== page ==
In a spot Thursday with WEEI, Werner made clear David Price’s handling of Dennis Eckersley was unprofessional.

“Boston is a tough place to play,” Werner said on WEEI’s Ordway, Merlonia and Fauria. “Some players thrive here, and some players don’t. Get a thicker skin. My feeling is, let the broadcasts be honest, be personable, informative, and get over it if you think a certain announcer took a shot at you.”

“I thought there was a way of handling that. It wasn’t handled appropriately. If I’ve got a problem with Lou [Merloni], and I hear something he says on the radio, I’ll say to Lou, ‘That wasn’t fair.’ ”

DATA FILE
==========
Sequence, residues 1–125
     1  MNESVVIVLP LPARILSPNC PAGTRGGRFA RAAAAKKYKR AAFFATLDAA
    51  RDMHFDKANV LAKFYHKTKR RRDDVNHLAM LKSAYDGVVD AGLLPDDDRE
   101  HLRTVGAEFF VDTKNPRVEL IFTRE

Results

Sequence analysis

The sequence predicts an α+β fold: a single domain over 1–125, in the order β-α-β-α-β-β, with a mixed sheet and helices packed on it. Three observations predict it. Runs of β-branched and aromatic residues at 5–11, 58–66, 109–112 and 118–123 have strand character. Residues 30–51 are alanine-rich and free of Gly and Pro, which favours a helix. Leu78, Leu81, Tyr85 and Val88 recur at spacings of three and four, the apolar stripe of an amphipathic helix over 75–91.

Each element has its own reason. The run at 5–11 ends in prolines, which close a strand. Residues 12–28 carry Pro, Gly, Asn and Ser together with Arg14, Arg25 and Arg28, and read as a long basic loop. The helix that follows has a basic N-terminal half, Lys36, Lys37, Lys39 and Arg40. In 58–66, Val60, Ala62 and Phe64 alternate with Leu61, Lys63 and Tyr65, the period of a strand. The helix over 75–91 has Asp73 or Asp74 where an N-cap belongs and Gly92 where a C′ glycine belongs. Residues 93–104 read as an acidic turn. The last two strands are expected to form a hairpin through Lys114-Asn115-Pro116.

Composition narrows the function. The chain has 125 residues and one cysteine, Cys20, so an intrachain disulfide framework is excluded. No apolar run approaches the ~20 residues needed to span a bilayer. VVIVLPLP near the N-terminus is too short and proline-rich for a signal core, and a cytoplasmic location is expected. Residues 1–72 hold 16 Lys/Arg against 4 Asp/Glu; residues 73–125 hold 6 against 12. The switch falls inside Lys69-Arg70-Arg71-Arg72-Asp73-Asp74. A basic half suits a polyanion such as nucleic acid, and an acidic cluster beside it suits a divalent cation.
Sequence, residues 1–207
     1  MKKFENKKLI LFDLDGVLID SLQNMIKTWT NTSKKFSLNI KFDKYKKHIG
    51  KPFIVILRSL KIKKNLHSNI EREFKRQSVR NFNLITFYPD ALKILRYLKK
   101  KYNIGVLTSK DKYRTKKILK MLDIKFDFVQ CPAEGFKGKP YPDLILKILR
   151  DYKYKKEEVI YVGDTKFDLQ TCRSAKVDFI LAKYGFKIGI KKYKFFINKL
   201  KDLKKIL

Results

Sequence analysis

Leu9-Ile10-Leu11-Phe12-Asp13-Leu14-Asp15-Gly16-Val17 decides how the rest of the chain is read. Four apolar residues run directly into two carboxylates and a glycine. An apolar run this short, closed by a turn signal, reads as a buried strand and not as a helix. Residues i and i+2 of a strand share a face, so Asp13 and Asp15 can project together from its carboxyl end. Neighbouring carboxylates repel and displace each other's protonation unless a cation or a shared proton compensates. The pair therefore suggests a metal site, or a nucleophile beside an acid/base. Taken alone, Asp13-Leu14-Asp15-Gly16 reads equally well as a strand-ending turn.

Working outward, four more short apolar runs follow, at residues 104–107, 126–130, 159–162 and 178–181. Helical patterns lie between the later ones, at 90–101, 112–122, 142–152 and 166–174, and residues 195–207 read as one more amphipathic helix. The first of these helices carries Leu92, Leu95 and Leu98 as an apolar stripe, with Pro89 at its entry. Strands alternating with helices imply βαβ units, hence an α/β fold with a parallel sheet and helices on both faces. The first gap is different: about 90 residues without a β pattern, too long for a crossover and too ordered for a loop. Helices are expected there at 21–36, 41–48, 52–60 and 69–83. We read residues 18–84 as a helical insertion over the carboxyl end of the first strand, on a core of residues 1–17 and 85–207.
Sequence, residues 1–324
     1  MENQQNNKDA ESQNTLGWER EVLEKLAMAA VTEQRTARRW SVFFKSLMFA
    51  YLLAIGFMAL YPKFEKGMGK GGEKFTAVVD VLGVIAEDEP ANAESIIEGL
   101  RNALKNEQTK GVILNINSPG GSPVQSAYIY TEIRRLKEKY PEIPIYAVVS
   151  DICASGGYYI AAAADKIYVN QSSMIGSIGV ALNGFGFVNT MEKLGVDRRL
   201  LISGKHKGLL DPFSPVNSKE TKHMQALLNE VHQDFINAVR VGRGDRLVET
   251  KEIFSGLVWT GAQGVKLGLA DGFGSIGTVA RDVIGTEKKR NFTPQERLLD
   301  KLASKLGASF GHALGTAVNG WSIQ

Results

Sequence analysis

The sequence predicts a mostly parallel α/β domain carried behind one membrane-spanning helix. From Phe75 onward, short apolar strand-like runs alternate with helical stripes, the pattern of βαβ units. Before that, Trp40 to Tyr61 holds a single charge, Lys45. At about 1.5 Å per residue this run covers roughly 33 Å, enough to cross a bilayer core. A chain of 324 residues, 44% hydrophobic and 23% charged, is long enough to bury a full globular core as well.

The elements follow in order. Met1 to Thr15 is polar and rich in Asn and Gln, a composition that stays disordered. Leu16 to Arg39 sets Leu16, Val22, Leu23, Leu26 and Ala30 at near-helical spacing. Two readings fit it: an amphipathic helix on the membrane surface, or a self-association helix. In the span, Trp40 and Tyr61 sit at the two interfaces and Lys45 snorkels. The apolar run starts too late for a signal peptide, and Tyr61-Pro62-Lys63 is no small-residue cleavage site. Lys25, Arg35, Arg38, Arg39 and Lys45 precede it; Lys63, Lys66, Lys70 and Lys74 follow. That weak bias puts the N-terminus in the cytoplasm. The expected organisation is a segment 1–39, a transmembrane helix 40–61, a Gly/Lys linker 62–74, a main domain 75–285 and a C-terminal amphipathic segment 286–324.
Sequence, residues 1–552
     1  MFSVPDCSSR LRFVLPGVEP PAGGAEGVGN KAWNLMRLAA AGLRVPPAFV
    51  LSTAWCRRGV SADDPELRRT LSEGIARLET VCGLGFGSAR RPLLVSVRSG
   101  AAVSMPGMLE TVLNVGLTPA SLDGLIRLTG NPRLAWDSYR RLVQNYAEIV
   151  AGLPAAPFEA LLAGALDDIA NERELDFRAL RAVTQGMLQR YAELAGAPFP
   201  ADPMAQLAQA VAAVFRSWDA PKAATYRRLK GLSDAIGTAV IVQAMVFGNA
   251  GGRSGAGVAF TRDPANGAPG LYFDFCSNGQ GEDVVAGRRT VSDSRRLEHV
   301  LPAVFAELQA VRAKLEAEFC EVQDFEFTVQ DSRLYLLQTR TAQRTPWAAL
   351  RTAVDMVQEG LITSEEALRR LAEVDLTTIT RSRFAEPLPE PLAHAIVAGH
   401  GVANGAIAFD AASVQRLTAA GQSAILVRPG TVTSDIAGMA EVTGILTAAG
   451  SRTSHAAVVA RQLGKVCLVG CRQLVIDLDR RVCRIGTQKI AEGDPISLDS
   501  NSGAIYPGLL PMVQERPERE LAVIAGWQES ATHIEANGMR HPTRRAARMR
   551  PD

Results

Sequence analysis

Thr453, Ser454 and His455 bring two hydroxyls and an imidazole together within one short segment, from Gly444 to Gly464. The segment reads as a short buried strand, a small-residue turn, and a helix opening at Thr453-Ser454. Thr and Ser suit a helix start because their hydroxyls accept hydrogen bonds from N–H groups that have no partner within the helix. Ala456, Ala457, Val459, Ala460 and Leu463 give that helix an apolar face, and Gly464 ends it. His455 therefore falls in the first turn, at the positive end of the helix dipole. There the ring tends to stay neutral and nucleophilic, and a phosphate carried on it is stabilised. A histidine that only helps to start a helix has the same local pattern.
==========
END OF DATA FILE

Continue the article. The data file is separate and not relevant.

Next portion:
Werner also called the team’s relationship with the Yankees “frosty” following the public sign-stealing saga that resulted in fines for both clubs.

“The fact is, I do think this was a minor technical violation,” Werner said. “I start with the fact that this was unfortunately raised to a level it never should have been raised to.”

Werner also insinuated he did not approve of how MLB and Torre handled the disciplining of Yankees catcher Gary Sanchez, who receieved a four-game suspension for his part in a fight against the Tigers (reduced on appeal to three games).

“Do you think Gary Sanchez got an appropriate punishment?” Werner asked.